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Letters: Caution on Syria

May 12, 2013
  • Syrian protesters in the city of Aleppo in March.
Syrian protesters in the city of Aleppo in March. (Associated Press )

Re "Time to act in Syria," Opinion, May 9

Chuck Freilich speaks of the terrible consequences of not dealing with the use of chemical weapons in the Syrian civil war. He focuses only on Bashar Assad's regime as the likely perpetrator.

A prominent member of the United Nations Commission of Inquiry on Syria reported "strong, concrete suspicions" that sarin may have been used by rebel forces. The member in question, Carla Del Ponte, is no dilettante in such matters, having served as a prosecutor with the International Criminal Court. And although conspiracy theories remain, is it too fanciful to suggest that, given the unsavory character of some elements of the rebel Syrian National Coalition, such egregious action may have taken place?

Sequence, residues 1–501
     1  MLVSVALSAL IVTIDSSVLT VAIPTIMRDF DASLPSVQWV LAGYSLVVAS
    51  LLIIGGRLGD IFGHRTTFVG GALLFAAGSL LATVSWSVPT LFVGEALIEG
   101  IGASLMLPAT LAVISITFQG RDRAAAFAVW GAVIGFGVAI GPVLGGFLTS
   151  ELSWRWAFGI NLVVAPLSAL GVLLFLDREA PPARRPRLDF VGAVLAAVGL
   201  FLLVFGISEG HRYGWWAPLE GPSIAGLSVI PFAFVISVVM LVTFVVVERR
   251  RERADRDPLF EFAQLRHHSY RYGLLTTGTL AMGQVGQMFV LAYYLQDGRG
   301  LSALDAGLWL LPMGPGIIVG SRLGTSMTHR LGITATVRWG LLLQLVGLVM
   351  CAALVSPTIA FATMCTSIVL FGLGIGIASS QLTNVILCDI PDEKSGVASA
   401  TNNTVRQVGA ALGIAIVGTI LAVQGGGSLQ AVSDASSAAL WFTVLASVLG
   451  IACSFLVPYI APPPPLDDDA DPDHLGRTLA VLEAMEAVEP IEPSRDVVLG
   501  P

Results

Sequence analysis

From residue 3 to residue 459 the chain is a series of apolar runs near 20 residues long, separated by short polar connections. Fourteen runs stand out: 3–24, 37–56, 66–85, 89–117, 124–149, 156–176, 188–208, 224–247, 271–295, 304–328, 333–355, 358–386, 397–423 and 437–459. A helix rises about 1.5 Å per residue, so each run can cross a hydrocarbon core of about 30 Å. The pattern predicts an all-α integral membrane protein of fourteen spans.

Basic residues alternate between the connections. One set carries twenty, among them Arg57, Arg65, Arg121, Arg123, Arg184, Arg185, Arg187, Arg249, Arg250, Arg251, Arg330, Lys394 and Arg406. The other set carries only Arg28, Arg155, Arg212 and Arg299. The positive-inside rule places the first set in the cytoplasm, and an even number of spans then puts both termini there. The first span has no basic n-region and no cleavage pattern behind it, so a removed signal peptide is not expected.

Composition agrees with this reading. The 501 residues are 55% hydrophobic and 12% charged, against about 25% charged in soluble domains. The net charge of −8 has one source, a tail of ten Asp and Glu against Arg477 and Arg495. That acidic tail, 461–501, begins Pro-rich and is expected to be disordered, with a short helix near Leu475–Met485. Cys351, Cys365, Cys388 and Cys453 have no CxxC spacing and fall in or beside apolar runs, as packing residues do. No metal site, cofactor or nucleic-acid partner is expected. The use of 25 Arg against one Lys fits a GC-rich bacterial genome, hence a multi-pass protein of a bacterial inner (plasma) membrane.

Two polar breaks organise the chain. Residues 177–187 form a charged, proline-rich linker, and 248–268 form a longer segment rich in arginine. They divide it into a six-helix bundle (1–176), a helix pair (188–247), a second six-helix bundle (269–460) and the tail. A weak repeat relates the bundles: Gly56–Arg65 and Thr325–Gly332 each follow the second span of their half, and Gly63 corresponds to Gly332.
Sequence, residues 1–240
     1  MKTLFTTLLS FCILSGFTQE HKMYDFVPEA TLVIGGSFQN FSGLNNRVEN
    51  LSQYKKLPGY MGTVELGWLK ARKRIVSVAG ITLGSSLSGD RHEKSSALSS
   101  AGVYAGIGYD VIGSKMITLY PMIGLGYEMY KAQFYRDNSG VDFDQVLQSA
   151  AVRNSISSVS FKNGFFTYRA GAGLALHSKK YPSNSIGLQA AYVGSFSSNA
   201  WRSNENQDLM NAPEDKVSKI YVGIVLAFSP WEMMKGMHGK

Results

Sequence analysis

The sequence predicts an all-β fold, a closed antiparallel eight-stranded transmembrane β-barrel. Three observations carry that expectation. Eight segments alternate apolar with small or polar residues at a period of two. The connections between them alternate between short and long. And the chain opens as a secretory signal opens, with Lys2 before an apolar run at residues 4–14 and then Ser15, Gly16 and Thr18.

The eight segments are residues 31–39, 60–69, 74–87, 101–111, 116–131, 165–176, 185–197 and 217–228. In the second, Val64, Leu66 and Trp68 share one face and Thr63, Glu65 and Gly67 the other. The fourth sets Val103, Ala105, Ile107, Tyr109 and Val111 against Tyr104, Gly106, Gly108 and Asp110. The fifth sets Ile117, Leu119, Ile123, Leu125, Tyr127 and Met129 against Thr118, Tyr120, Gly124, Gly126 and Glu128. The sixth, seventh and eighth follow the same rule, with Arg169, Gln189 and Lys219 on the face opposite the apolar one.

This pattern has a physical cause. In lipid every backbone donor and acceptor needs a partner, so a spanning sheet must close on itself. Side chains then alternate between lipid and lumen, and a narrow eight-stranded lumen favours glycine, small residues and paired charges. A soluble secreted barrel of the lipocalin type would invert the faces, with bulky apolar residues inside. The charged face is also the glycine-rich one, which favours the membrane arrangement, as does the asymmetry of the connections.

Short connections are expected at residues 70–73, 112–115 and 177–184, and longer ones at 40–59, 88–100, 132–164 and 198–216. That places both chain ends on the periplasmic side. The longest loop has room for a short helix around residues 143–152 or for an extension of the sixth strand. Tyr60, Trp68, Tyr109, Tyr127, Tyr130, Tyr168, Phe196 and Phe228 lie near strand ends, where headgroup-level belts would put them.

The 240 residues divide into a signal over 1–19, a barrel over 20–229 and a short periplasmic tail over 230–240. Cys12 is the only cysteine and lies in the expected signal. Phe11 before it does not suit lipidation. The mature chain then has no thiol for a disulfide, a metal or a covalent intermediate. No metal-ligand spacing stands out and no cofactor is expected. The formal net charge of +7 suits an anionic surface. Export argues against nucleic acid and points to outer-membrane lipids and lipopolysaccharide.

The only problem with "red lines" comes when one may have to cross them. In that regard, is it also too conspiratorial a thought that the red line might be deliberately crossed by the other side to bring us in?

This is not to suggest anything other than abhorrence at the use of weapons of mass destruction by any party in the conflict. It is merely to say that President Obama's cautious approach is the right one.

David C. Speedie

New York

The writer is the director of the U.S. Global Engagement Program at the Carnegie Council for Ethics in International Affairs.

Re "The struggle for Syria," Opinion, May 7

Majid Rafizadeh offers compelling reasons for the United States to avoid any military involvement in Syria. After years of involvement in Iraq and Afghanistan and the installation of new governments, battles and deaths still occur in those countries; Syria risks a similar fate from U.S. intervention.

Surely our best course of action is to do as Rafizadeh suggests: to be one of the countries that "join together to address suffering" and to "address the urgent medical and basic needs of Syrians." This is a role Americans can do well.

As Rafizadeh concludes, given the complexities and uncertainties about the future in Syria, "The way forward can only be shaped by Syrians."

Dan Cabrera

Glendale

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